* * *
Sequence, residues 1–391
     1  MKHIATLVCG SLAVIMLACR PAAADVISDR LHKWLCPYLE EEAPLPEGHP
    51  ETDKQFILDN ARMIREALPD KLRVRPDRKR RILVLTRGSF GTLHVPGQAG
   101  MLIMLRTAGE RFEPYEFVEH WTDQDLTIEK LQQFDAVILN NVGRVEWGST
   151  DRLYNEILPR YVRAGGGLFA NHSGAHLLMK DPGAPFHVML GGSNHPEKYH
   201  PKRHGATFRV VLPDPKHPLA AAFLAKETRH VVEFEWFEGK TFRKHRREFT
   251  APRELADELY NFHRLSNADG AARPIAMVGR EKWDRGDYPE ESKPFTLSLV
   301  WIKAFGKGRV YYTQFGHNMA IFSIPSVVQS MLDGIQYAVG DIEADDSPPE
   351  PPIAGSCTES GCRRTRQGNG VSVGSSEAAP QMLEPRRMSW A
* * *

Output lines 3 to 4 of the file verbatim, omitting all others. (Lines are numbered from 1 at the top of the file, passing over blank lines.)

    51  ETDKQFILDN ARMIREALPD KLRVRPDRKR RILVLTRGSF GTLHVPGQAG
   101  MLIMLRTAGE RFEPYEFVEH WTDQDLTIEK LQQFDAVILN NVGRVEWGST